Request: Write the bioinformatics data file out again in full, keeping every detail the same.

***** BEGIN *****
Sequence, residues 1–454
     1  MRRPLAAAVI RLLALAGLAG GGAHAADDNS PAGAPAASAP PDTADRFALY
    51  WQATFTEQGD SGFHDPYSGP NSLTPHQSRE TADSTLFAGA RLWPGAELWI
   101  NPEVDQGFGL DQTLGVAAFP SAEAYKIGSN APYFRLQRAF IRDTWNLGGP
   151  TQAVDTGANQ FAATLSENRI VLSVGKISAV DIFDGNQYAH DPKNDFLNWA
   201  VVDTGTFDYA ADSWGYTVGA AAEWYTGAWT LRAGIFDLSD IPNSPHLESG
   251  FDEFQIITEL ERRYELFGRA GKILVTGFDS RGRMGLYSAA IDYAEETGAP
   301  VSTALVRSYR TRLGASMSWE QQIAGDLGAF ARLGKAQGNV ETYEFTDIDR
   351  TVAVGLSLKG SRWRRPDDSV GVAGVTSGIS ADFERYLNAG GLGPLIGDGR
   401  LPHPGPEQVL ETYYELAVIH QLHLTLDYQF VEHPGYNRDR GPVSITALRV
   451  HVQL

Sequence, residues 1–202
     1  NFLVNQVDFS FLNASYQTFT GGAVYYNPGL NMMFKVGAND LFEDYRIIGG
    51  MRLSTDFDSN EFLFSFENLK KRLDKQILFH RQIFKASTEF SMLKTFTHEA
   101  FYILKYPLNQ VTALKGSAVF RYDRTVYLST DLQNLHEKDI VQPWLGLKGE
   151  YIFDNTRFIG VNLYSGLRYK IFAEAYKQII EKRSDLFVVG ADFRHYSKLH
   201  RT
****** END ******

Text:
Sequence, residues 1–454
     1  MRRPLAAAVI RLLALAGLAG GGAHAADDNS PAGAPAASAP PDTADRFALY
    51  WQATFTEQGD SGFHDPYSGP NSLTPHQSRE TADSTLFAGA RLWPGAELWI
   101  NPEVDQGFGL DQTLGVAAFP SAEAYKIGSN APYFRLQRAF IRDTWNLGGP
   151  TQAVDTGANQ FAATLSENRI VLSVGKISAV DIFDGNQYAH DPKNDFLNWA
   201  VVDTGTFDYA ADSWGYTVGA AAEWYTGAWT LRAGIFDLSD IPNSPHLESG
   251  FDEFQIITEL ERRYELFGRA GKILVTGFDS RGRMGLYSAA IDYAEETGAP
   301  VSTALVRSYR TRLGASMSWE QQIAGDLGAF ARLGKAQGNV ETYEFTDIDR
   351  TVAVGLSLKG SRWRRPDDSV GVAGVTSGIS ADFERYLNAG GLGPLIGDGR
   401  LPHPGPEQVL ETYYELAVIH QLHLTLDYQF VEHPGYNRDR GPVSITALRV
   451  HVQL

Sequence, residues 1–202
     1  NFLVNQVDFS FLNASYQTFT GGAVYYNPGL NMMFKVGAND LFEDYRIIGG
    51  MRLSTDFDSN EFLFSFENLK KRLDKQILFH RQIFKASTEF SMLKTFTHEA
   101  FYILKYPLNQ VTALKGSAVF RYDRTVYLST DLQNLHEKDI VQPWLGLKGE
   151  YIFDNTRFIG VNLYSGLRYK IFAEAYKQII EKRSDLFVVG ADFRHYSKLH
   201  RT